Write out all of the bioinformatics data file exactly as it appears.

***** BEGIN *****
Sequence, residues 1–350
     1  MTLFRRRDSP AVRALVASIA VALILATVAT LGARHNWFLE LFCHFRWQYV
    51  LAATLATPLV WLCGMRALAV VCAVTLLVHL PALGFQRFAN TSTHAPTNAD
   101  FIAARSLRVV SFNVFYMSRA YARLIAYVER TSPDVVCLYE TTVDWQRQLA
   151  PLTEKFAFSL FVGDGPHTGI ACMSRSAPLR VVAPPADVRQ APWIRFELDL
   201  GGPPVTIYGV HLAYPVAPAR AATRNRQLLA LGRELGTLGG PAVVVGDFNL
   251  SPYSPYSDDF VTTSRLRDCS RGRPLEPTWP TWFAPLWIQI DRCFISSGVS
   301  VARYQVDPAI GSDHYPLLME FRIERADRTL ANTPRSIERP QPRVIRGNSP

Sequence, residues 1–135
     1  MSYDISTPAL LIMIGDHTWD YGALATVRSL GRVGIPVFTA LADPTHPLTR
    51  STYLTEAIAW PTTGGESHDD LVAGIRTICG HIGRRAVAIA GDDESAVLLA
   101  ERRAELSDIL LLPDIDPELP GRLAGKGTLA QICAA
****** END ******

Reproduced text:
Sequence, residues 1–350
     1  MTLFRRRDSP AVRALVASIA VALILATVAT LGARHNWFLE LFCHFRWQYV
    51  LAATLATPLV WLCGMRALAV VCAVTLLVHL PALGFQRFAN TSTHAPTNAD
   101  FIAARSLRVV SFNVFYMSRA YARLIAYVER TSPDVVCLYE TTVDWQRQLA
   151  PLTEKFAFSL FVGDGPHTGI ACMSRSAPLR VVAPPADVRQ APWIRFELDL
   201  GGPPVTIYGV HLAYPVAPAR AATRNRQLLA LGRELGTLGG PAVVVGDFNL
   251  SPYSPYSDDF VTTSRLRDCS RGRPLEPTWP TWFAPLWIQI DRCFISSGVS
   301  VARYQVDPAI GSDHYPLLME FRIERADRTL ANTPRSIERP QPRVIRGNSP

Sequence, residues 1–135
     1  MSYDISTPAL LIMIGDHTWD YGALATVRSL GRVGIPVFTA LADPTHPLTR
    51  STYLTEAIAW PTTGGESHDD LVAGIRTICG HIGRRAVAIA GDDESAVLLA
   101  ERRAELSDIL LLPDIDPELP GRLAGKGTLA QICAA